numbers of which I did not learn, as I had not yet a regularly organized system of reports, were worked by reliefs; and estimating their full strength present to be 800 men, would give 400 constantly employed. The rapidity with which they threw up the works and the progress made this day were very satisfactory.
On account of the wanton destruction of profiles and the pulling up of stakes, much labor has been necessary to re-run the lines, to lay out the works anew, and to construct profiles. I have depended mainly on the officers of the Second Engineers, Corps d'Afrique, to attend to this part of the work. Fortunately there was no delay occasioned to the working party by this destruction. The Second Engineers, Corps d'Afrique, were not employed on the works in the forenoon of this day, as an inspection had been ordered. They were employed in the afternoon as usual, 35 men on battery at north end of island, 93 men of Fort Esperanza, and 197 men on first line of field-works.
The works in first line are being pushed forward rapidly for the number of men engaged. The work on Fort Esperanza, I regret to say, does not progress so rapidly as I would desire. The cause of this delay is that I have been unable to procure a sufficient number of teams to draw the sods for revetments. I have had no teams for this purpose to-day. On the 19th instant the Twenty-second and Twenty-third Iowa Volunteer Infantry, from First Brigade, reported on right of second line for duty. The Twenty-second Iowa reported 12 officers and 275 men for duty; the Twenty-third Iowa 11 commissioned officers and 170 enlisted men. These regiments work by reliefs, one wing at the same time, and half of this day they were employed on center lunette; 500 men will complete this lunette in one day. The Thirty-fourth Iowa and One hundred and fourteenth Ohio Volunteer Infantry, Second Brigade, reported at left of second line; the Thirty-fourth 8 officers and 128 enlisted men, and the One hundred and fourteenth Ohio 7 commissioned officers and 200 enlisted men. These regiments worked all day, and by reliefs of one-half at the same time.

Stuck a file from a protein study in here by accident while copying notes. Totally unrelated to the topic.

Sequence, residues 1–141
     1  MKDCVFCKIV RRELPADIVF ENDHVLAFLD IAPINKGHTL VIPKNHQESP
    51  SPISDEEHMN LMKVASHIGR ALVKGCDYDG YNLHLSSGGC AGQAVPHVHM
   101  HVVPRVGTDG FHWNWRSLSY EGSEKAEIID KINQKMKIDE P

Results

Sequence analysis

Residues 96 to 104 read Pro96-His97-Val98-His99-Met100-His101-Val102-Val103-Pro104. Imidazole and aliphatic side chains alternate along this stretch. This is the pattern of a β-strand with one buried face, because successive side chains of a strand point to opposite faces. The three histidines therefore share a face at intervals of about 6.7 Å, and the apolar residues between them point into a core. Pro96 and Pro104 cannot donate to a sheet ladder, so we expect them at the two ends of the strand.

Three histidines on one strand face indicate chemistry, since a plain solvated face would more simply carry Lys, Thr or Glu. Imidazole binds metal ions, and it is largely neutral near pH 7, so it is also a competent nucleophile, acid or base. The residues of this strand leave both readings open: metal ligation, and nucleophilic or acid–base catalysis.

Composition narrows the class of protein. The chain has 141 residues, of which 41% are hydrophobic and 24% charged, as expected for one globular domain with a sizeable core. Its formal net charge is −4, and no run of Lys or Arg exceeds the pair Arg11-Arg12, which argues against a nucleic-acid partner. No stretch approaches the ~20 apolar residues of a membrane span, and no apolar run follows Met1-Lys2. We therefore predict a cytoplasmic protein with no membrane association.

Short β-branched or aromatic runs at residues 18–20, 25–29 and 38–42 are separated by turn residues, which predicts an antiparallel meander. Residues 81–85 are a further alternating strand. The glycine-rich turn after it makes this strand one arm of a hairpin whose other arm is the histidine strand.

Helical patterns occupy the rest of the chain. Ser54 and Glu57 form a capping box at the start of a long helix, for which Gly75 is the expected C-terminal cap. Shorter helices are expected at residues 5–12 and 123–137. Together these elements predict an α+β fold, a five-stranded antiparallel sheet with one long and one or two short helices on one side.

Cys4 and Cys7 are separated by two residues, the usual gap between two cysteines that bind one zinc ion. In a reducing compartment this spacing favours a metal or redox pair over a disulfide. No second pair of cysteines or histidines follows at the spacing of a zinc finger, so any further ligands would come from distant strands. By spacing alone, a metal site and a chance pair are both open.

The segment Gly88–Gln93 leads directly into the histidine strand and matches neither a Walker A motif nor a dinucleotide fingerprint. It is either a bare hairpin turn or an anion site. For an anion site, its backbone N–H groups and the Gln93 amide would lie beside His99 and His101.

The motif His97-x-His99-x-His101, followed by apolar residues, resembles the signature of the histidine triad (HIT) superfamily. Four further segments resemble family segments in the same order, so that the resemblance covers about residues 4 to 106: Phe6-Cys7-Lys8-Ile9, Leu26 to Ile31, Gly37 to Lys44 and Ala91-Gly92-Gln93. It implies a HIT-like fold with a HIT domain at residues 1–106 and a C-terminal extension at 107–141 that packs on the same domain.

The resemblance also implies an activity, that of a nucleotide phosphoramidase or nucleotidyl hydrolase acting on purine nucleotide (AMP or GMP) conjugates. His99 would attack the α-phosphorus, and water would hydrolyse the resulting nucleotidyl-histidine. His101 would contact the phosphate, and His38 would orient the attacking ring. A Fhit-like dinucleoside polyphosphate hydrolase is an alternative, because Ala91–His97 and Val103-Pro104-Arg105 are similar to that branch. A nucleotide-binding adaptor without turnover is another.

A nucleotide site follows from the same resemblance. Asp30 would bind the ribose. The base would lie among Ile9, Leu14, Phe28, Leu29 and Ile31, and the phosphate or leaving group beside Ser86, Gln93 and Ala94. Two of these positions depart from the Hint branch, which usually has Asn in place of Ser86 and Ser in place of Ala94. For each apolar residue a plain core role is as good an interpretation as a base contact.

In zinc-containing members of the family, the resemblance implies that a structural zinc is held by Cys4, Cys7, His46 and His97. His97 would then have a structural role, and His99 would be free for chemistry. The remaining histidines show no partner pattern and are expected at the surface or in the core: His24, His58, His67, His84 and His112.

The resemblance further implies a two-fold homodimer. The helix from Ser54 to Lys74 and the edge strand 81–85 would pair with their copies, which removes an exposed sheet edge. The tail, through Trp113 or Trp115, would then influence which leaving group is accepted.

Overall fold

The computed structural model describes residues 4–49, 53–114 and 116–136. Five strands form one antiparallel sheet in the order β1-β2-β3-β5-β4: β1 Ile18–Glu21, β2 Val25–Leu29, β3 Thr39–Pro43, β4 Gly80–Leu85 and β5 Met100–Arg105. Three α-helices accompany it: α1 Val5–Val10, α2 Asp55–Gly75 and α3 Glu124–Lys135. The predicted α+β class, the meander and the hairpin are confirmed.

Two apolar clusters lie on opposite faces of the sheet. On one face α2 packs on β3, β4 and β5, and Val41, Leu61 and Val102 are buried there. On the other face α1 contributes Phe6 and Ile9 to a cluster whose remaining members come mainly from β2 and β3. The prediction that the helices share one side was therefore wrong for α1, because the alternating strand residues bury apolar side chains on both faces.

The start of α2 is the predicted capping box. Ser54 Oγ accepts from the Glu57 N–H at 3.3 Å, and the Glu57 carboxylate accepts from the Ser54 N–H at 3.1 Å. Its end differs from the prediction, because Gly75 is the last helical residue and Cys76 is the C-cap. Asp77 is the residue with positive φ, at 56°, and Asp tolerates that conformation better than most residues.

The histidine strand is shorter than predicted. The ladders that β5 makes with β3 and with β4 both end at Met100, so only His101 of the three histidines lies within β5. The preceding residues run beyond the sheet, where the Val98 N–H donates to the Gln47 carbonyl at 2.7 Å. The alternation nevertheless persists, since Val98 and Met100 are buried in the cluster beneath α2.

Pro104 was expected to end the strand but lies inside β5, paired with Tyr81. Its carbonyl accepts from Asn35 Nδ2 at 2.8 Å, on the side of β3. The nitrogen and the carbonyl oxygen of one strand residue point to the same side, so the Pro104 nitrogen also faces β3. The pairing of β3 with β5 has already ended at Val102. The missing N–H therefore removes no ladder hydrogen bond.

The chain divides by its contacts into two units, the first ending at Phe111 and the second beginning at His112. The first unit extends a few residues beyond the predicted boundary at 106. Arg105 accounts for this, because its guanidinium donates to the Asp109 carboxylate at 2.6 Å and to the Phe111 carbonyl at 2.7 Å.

The total number of men, exclusive of those employed on sodding on this line, amounted to 773. The work on the left, as well as that on the right of the line, progresses rapidly. A detachment from the Thirty-fourth Iowa, consisting of 3 commissioned officers and 65 enlisted men, were engaged in sodding the redoubt on the extreme left; one face of the interior slope and nearly the whole of the exterior slope of the same face was rivetted. Two commissioned officers and 40 enlisted men from the Twenty-third Iowa were employed on extreme right of the line, covering the lunette preparatory to rivetting. On account of some misunderstanding in relation to teams, none of this work was sodded to-day. This detachment worked only half day.
I require some bread boxes, or shingles, which would be preferable, for pickets to hold the sods in place; also barrels to revert sally-ports. It is also necessary that I should have some more carpenter's tools. One level is required for each sodding party. These things I am not supplied with in sufficient numbers. With a force of 200 good men I can press the revetment of this entire line rapidly to completion. The line has been again run and the works staked out, and I will have by 12 o'clock to-day sufficient profiles set to work 3,000 men to advantage, with which force, had I tools enough for them, I could have this entire line ready to sod in two days. The Second Engineers